"These extraordinary granite sculptures, with their carved figures depicting scenes from the life of Christ, resonate with the Celtic spirit and the Breton’s natural predisposition to melancholy.
Wayside crosses, shrines and calvaries are found right across Europe. But they are especially visible elements of the Brittany landscape, most particularly in the département of Finistère. There are simple granite crosses through this north-west extremity of France. Some stand proud by small country roads and tracks, others are half-hidden by vegetation in stone walls. Some stand on roughhewn altars, often adorned with a plant or small vase of fresh flowers. There are also traditional representations of Christ on the Cross in most churchyards. But in addition, the region boasts a number of monumental calvaries on a much grander scale."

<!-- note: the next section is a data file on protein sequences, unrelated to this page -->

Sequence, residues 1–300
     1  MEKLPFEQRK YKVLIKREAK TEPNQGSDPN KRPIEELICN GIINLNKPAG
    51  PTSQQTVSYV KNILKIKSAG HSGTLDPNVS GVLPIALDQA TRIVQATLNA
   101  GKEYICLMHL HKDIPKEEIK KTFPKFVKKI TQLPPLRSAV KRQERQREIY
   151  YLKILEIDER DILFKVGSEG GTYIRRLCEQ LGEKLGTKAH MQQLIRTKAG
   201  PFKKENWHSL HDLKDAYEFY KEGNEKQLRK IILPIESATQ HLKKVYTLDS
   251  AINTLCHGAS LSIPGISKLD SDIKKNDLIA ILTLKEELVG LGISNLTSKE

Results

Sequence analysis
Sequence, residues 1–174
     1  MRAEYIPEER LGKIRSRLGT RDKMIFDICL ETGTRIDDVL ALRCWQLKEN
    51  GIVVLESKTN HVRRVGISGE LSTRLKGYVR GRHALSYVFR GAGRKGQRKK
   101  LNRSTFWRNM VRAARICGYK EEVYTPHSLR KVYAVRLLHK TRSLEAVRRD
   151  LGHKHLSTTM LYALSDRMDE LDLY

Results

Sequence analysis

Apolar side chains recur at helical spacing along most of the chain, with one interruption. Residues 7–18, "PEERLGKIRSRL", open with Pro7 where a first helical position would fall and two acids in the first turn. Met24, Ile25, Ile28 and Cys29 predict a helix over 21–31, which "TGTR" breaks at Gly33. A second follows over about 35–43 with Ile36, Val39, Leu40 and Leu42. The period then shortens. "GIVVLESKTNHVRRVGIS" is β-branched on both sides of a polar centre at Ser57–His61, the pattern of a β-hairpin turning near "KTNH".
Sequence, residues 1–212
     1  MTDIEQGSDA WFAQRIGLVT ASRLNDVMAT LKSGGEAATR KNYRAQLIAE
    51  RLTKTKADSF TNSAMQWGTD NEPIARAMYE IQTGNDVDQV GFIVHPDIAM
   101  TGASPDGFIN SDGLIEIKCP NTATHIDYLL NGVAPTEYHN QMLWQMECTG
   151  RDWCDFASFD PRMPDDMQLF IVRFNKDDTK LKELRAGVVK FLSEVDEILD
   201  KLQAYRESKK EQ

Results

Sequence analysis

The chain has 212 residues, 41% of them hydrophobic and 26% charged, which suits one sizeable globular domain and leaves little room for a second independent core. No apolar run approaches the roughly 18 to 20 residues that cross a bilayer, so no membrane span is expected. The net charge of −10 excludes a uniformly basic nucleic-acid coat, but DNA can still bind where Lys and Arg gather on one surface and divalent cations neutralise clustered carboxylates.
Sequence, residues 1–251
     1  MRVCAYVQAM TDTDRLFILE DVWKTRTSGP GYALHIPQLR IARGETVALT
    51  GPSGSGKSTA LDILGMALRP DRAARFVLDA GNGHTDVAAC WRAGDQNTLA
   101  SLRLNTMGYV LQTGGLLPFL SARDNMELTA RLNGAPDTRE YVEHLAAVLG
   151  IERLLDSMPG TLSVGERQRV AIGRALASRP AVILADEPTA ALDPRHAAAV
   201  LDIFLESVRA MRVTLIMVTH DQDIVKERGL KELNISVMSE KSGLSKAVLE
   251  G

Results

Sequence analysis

We visited four calvaries. "Relating the story of Jesus’ life in gritty stone figures, they focus mainly on the Easter story, or Christ’s Passion. Occasionally, a local saint puts in a surprise appearance too, or a local sinner, like irreverent Katell Gollet. Most of the calvaries date from the 15th to the 17th centuries, their carvings weathered by the elements."
Here we are in Pleyben, a village in Bretagne, where we saw a monumental calvary, dating from 1555 and standing close to the Saint- Germain Church. If you are versed in the Bible, you might recognise some scenes.
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